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Welcome to Graduation for All! • www.idra.org • September 2007

Imagine what it would be like if every child had access to a high quality education that opened doors to college and the world of work. Welcome to Graduation for All. In each monthly e-letter, we will send you up-to-date information to take action in your school and community to realize this vision. To unsubscribe, click the link at the bottom of this e-mail.

¡Usted puede recibir esta edición de Graduation for All en español!

Back to School. Leaves swirling, dog days of summer waning, this back-to-school issue of Grad4All provides some proven ways schools and communities can start the year off right and set a course for graduation for all.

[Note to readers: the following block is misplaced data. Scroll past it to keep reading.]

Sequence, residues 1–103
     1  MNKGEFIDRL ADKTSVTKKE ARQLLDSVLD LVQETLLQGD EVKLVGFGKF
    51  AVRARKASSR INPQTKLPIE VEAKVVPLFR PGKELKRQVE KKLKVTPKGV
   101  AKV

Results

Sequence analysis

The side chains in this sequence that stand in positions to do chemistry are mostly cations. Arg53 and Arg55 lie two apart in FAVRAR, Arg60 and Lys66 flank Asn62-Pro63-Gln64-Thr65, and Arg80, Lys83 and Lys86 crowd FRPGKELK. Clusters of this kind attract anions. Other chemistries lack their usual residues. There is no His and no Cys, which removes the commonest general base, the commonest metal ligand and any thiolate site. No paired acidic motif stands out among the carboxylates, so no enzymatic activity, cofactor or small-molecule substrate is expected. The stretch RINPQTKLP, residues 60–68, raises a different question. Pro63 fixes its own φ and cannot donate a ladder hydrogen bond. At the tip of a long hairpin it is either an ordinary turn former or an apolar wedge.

#1. Break it Down - Get the Facts. Is attrition a problem in your school? If so, which students are lost? When are they most at risk, and why? Does your school have the capacity (“holding power”) to graduate all students and prepare them for college and work? A daunting mix of data can keep people from getting straight answers to shape a plan of action. In What Your Community Can Do to End its Drop-Out Crisis, Robert Balfanz at Johns Hopkins University recommends a three-part plan, beginning with the data. To get started, take a look at Project U-Turn’s citywide campaign, grounded in data analysis and designed to focus attention on Philadelphia’s dropout crisis.

#2: Team up. From Title I Child-Parent Centers in Chicago that are reducing dropout rates through parent involvement to Study Circle Programs in Arkansas, Lexington and Montgomery County, people across the country are finding new ways to capture cross-sector capacities to strengthen schools.